TB: Oh yeah, he has actually come out to our distillery. I became friends with him through other friends, and that is the night that Post Malone, myself and Jimmy Fallon hung out. It was ridiculous, we ended up in a tiny Irish bar in Manhattan playing songs. I didn’t know who Post Malone was, but he knew the words to every song we were throwing down. From Neil Diamond to Johnny Cash to Dolly Parton to Frank Sinatra, he knew the words to everything! It was so refreshing and he deserves every little bit of success he has gotten.


MC: When you see others partnering with a liquor company and you conversely are putting in the hard work on the ground level, can it ever be frustrating for you?


TB: When someone comes out with a fifteen year old bourbon and they opened their distillery four years ago, yeah. We have things like the Rosie’s line, which is premium. We have apple pie, maple bacon, and we just came out with a chocolate peanut butter pie bourbon cream that people are freaking out about. We have two lines and we never cut corners, we make everything ourselves. We are a farm distillery and we know all of our farmers, they’re all within a fifty mile rads, they’re all New York State farmers. We have a hammer mill on site, so we crush the grains fresh on site, which a lot of people don’t do; that is the difference between a French press and Sanka, you want the fresh ground (laughs). We know the barrel makers from the Adirondacks and the wood comes from the Midwest, and it is naturally dried, not kiln dried. We take the little steps to make the best product that we can. We are really proud that we make everything in house, not adding stuff and cutting corners.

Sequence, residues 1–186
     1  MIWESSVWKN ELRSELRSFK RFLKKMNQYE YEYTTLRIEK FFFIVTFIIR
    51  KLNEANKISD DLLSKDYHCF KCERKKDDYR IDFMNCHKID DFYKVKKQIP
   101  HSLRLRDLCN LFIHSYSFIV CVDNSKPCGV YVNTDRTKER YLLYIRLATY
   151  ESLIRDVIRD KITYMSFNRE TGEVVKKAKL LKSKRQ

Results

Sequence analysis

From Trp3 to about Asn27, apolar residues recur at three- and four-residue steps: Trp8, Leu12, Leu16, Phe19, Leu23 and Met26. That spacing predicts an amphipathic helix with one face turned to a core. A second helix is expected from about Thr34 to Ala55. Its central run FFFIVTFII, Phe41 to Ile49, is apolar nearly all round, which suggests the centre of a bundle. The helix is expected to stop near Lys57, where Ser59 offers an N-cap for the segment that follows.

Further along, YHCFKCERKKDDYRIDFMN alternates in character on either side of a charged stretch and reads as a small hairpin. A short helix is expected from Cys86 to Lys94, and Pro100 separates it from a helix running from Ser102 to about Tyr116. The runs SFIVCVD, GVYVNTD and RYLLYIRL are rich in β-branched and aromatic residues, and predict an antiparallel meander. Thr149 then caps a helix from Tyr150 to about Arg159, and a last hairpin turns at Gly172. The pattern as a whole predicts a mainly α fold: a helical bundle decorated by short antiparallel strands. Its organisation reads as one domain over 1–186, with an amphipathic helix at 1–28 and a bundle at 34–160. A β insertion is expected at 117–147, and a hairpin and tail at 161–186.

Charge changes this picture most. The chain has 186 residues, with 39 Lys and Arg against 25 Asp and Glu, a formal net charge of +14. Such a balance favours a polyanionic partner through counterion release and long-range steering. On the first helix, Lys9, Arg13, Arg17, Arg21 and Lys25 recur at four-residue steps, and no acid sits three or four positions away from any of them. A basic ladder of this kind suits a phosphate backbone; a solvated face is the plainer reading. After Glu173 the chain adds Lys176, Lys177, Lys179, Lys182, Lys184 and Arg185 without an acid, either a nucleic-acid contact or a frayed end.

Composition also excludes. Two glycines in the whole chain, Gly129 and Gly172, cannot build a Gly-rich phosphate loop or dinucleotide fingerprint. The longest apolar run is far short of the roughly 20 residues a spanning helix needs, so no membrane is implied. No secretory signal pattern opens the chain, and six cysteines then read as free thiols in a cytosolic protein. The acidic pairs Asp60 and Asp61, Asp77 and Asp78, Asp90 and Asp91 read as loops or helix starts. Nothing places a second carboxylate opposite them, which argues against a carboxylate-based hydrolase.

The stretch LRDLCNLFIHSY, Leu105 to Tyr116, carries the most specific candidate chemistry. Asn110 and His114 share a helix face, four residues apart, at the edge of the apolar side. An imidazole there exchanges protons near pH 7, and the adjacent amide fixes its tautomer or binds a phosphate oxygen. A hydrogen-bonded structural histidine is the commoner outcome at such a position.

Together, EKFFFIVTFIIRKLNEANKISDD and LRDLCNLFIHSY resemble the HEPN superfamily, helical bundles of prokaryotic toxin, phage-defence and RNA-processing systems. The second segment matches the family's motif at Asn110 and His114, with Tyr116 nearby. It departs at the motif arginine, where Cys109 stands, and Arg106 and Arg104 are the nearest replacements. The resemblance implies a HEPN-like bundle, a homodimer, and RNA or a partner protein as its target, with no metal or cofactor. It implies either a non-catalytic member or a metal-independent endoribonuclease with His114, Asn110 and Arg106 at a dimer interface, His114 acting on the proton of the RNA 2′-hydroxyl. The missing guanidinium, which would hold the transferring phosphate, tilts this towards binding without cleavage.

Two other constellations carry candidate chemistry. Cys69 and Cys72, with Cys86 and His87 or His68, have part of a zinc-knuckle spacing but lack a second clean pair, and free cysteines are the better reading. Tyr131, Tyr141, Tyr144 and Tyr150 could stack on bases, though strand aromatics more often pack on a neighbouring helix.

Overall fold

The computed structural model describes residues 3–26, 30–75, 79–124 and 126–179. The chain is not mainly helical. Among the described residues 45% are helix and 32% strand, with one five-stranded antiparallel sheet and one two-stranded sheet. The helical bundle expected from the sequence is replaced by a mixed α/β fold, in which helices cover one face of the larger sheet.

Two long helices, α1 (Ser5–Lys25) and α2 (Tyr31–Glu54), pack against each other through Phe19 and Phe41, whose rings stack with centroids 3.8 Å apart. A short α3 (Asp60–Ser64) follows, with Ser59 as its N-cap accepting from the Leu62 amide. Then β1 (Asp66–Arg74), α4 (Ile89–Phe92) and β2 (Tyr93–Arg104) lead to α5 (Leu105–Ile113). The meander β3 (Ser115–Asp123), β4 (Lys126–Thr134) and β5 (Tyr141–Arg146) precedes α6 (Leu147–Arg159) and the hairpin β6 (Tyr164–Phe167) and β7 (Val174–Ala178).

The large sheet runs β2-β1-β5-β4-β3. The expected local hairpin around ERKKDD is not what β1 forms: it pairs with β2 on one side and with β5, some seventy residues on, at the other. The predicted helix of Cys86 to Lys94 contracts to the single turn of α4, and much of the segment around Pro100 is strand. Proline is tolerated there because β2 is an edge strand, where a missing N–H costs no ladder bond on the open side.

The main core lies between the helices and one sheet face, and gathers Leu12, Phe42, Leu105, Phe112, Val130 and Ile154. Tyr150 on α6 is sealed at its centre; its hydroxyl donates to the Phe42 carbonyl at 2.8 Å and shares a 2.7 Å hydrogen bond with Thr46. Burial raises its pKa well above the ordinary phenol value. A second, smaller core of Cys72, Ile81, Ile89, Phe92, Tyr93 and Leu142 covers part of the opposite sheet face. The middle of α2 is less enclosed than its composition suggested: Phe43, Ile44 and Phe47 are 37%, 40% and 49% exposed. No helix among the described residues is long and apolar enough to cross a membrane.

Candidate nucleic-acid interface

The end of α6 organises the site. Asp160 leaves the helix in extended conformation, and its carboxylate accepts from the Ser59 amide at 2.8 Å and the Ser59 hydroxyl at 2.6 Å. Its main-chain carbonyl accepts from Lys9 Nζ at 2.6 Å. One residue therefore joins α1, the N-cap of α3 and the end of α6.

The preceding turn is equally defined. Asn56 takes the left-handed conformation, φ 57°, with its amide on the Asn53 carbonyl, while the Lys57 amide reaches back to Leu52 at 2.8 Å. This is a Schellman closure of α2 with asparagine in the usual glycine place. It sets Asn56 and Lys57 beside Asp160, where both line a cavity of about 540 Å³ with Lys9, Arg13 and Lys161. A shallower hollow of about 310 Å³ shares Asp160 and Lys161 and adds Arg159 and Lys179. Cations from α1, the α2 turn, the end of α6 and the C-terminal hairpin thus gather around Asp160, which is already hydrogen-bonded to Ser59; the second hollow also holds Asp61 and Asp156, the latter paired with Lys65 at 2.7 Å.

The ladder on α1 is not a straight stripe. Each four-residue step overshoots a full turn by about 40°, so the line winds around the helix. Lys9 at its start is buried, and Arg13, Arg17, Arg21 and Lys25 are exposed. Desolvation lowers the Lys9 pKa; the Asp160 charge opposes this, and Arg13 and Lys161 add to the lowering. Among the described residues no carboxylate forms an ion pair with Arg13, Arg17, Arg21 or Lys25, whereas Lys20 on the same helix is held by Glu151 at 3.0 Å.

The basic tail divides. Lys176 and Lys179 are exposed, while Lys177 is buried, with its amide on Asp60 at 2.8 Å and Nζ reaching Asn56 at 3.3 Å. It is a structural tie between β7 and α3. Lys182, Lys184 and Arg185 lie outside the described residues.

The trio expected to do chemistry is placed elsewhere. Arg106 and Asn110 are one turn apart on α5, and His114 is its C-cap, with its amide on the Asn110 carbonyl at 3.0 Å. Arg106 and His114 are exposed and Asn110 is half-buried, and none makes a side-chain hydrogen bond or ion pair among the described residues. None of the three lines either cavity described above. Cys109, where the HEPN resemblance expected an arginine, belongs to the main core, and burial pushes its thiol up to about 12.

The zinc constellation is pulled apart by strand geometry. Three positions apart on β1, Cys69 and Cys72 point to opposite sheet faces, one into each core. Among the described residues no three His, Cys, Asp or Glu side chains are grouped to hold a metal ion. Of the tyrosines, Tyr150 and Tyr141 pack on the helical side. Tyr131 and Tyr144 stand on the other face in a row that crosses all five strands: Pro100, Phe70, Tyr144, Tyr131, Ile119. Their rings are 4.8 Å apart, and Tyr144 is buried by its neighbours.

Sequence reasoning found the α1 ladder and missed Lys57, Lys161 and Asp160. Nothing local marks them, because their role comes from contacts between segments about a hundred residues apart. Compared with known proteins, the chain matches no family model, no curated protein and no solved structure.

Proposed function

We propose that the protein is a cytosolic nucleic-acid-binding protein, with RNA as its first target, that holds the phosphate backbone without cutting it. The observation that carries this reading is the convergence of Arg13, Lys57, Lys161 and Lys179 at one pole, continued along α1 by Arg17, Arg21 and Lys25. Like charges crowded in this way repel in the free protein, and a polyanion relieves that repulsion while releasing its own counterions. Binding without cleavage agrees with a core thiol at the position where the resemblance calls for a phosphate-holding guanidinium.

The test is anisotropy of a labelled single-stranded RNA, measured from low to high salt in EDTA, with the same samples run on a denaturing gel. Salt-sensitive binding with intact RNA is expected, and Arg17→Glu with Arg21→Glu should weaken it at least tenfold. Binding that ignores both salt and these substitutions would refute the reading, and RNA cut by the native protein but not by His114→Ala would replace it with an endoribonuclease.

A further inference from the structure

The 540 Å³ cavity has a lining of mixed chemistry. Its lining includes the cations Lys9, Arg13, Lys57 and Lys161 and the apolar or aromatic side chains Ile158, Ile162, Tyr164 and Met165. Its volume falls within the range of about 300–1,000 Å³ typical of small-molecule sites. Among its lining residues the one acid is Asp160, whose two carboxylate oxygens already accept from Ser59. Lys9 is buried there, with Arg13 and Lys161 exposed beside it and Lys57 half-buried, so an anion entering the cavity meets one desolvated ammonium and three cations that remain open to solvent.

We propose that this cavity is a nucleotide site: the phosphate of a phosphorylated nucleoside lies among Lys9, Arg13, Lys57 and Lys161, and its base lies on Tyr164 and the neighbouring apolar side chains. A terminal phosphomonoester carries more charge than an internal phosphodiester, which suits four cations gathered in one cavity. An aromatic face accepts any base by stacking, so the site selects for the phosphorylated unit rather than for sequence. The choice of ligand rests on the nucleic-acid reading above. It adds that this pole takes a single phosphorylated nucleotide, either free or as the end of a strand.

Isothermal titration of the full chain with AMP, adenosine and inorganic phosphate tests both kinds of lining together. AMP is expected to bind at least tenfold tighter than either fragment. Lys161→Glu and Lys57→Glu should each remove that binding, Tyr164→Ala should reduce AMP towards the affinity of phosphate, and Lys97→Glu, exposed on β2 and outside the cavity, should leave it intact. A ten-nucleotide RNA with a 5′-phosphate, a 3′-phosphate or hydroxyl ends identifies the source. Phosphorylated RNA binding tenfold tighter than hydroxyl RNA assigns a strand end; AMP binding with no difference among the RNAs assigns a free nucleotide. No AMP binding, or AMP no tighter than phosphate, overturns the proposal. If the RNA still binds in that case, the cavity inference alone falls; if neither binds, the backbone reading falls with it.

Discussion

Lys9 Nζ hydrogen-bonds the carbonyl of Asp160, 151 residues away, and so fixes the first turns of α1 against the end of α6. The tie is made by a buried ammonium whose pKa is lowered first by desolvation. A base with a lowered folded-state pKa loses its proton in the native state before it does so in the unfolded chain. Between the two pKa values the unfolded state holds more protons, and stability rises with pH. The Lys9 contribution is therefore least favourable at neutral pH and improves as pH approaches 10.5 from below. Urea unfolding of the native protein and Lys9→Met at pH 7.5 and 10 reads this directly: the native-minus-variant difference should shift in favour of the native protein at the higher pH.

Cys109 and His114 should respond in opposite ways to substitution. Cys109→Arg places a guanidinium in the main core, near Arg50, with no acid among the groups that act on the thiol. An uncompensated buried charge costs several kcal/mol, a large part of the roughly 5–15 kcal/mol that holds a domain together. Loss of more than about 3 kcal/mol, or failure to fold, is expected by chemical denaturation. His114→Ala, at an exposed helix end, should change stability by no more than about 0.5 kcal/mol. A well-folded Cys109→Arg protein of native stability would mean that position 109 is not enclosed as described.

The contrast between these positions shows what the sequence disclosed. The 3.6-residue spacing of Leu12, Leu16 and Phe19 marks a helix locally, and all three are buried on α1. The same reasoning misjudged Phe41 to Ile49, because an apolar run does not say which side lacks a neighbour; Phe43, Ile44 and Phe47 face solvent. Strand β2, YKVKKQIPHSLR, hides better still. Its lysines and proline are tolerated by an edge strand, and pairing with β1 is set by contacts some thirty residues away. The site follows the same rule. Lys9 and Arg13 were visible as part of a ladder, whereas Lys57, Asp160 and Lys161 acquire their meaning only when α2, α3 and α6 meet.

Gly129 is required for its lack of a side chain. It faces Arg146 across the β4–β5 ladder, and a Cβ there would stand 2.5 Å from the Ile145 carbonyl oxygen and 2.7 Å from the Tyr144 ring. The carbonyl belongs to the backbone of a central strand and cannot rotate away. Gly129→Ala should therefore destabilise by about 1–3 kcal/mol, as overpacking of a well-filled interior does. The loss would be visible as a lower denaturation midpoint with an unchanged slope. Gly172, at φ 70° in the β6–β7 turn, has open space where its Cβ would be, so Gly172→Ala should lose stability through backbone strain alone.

MC: Traveling with Modern English in the 1980’s you probably learned quickly that hard work pays off and there is not a quick path to success. 


TB: I couldn’t have said it better myself. We did a partnership with John Petrucci of the band Dream Theater and he was looking for someone to do a bourbon with. He chose ours because he liked the strength, and he said “it is like being a musician, you are always striving for perfection”. That is our approach to the bourbon so it is really familiar. You can’t just go out and be good, you have to learn everything about it.


MC: As someone so well-known as the guitarist for Modern English on the road, you still must get people that are such massive fans and filled with such nostalgia…


TB: Yeah, it definitely doesn’t hurt. I was the touring guitar player, that was my first lucky break, they were all from England. The song “I Melt With You” was starting to really grow and become a hit. I got a call to audition and a week later, it was the Today Show, The Tonight Show, 30,000 people a night, it truly changed my life. That was the lucky break that they talk about. I love that song and I am proud to be in the band and the singer Robbie Grey taught me a lot. I never leave a wedding without playing that song. I was literally making a record and eating a Snickers bar for lunch and half for dinner. I got the call to audition, walked in, and David Bowie was rehearing in the studio next door; it was like “don’t blow this one dude”! I got in and Robbie took me under his wing and made it easy on me.